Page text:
Sun 25 Mar 2007
A few months ago I was asked if I had any information on writer Mary McMullen, who wrote nineteen mysteries between 1952 and 1986, when she passed away. Most of these books were published by Doubleday’s Crime Club imprint and can be generally classified as being in the “malice domestic” genre. Without a series character to maintain readers’ interest in her stories, she’s on the verge of being forgotten, but no one writes that many works of crime fiction without having had a substantial following at the time.
What’s the most interesting about Mary McMullen, perhaps, is her family. When I did a bibliography for mystery writer Helen Reilly following Michael Grost’s excellent analysis of her crime fiction, I said:
Helen Reilly’s primary character was Inspector Christopher McKee. In Mike’s essay on her, he considers the McKee books as very early police procedurals, but he also connects her work up with the Black Mask style of writing, in the hardboiled pulp tradition.
My impression of Ursula Curtiss’s books is that they are much like her sister Mary McMullen’s, but stronger on the suspense. If you’ve read any of them recently, though, and can tell me otherwise, I’d surely like to be corrected. Ursula Curtiss is listed in CFIV as the author of 22 novels and one collection of short stories, the books appearing at regular intervals between 1948 and 1985.
Besides James Kieran, the brother mentioned above, there was another well-known member of the family, John F. Kieran, the sportswriter who was a long-time panelist on radio’s Information Please in the 1940s, among other accomplishments.
James Kieran’s impact on the world of mystery fiction is small, but the reason will soon become clear. He has only one entry in CFIV, as follows, in slightly expanded form:
* * Come Murder Me. Gold Medal #150, 1951, pbo. Reprint: Gold Medal #419, 1954.
About this time, Victor Berch, whom I’d asked for assistance on the original inquiry about Mary McMullen, sent me the following email:
[In Al Hubin’s Crime Fiction IV] James Kieran’s dates [are given] as 1911-1986. I think this is the wrong James Kieran. Out of curiosity (more likely habit), I decided to check with the Copyright Office. Come Murder Me was first registered March 7, 1951. The copyright was renewed Feb. 15, 1971 by Mrs James Kieran. his wife. Then the thought crossed my mind “Why should his wife had to renew the copyright if he was still alive?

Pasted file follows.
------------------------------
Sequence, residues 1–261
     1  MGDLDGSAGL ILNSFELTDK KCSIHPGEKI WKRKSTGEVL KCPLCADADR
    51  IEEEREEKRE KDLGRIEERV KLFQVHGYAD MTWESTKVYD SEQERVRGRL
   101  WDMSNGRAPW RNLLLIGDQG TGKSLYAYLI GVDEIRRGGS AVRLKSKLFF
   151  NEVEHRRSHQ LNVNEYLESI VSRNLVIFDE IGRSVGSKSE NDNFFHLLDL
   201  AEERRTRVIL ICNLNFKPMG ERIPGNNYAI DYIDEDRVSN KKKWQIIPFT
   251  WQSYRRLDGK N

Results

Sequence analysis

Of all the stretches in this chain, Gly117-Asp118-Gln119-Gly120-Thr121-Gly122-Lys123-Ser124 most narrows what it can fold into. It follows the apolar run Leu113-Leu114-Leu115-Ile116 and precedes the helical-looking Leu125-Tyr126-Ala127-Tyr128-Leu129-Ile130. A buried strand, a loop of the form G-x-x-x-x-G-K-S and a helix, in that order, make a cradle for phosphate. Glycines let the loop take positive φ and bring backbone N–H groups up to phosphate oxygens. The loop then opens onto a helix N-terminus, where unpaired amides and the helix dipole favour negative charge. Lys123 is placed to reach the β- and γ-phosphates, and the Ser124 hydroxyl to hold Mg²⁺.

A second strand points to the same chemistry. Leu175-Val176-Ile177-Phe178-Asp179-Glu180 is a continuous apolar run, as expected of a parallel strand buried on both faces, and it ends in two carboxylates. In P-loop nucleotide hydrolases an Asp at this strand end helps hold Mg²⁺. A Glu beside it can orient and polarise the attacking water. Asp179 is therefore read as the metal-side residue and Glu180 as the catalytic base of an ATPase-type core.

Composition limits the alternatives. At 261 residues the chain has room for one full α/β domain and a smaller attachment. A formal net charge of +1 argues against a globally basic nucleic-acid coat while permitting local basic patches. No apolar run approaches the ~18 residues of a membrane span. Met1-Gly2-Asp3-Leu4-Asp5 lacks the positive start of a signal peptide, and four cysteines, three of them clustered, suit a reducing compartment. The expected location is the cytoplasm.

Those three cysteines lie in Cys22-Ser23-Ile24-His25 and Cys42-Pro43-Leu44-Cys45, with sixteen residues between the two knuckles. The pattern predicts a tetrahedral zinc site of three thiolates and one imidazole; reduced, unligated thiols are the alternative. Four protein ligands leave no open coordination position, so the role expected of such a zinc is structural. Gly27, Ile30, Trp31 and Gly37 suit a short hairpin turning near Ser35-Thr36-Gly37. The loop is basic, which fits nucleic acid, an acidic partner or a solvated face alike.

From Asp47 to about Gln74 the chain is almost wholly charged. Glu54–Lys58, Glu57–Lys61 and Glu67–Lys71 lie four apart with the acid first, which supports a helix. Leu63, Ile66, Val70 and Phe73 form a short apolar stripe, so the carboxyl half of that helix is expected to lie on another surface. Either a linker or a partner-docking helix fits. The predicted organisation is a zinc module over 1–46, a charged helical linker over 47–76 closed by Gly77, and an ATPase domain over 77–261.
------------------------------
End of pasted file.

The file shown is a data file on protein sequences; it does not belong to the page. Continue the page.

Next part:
Anyhow, the record also gave her full name as Dagmar N. Kieran along with the Mrs. James Kieran appelation. So, I ran a check on her. She was born May 10, 1908 and died Sep. 22, 1985 according to [Social Security records].
However, there is another data base that I sometimes check. It lists people coming in to the USA from foreign ports, both citizens and aliens. The data taken from passports usually give the name of the person, the birth date, place of birth and present address.
And so I found Dagmar N. Kieran and her husband James M. Kieran returning from a trip to Curacao Dec. 7, 1936. James M. Kieran’s birth date was given as September 23, 1901, born in NYC. A check through the NY Times led me to an extensive obituary, which I’ll send along [soon]. He died January 12, 1952. So, his dates and full name should be Kieran, James Michael, Jr., 1901-1952.
He died, that is to say, only year after his only mystery novel was published. As for his family, a brief article in Timemagazine also mentions the Kierans (December 25, 1939):
Last week hot-tempered Mayor LaGuardia announced that he had fired hot-tempered Jim Kieran. “He called me a guinea ———–,” said the Little Flower. “What else could I do?” City Hall ferrets had their own idea of what the row was about: Franklin Roosevelt’s devoted friend Jim Kieran was outraged “because the Mayor lately has buttered up Herbert Hoover.”
Impulsive Mr. LaGuardia quickly regretted his anger, tried to get word to Jim Kieran that all was forgiven. The other Kierans said they had no idea where Jim was. Friends thought they knew. When the Kierans let their Irish get the better of them, they generally retire to Helen’s Connecticut farm to cool off.
Some excerpts from the NY Times obituary for James Kieran will follow, one of them toward the end very interesting, especially if true. It does not seem as though the statement would be in the obituary, if it were not. Of course the degree of involvement is not specified, and it may have been minimal. But here, read for yourself:
[After his leaving La Guardia] he entered the public-relations business for a period. […] More recently he collaborated with a sister Helen Reilly, one of the country’s well-known mystery story writers, in a number of books, and also was an author in his own right.
If anyone knows more, we’d love to know about it.